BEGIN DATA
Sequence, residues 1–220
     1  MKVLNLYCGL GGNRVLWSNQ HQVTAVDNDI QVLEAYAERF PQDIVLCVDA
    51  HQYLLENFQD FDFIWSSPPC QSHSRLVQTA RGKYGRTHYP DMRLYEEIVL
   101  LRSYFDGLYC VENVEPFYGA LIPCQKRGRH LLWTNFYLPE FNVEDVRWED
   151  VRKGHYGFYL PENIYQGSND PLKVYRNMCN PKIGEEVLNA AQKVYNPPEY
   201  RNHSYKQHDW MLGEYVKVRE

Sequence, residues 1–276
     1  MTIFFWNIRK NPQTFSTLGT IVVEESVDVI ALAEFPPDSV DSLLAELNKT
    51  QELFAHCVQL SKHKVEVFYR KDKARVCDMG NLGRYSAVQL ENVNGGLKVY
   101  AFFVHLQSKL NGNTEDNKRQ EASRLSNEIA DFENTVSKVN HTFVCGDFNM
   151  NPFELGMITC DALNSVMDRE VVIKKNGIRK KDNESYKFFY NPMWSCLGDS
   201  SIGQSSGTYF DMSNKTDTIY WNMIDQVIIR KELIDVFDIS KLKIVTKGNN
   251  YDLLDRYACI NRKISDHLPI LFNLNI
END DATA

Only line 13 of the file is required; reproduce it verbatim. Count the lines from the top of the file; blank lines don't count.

   251  YDLLDRYACI NRKISDHLPI LFNLNI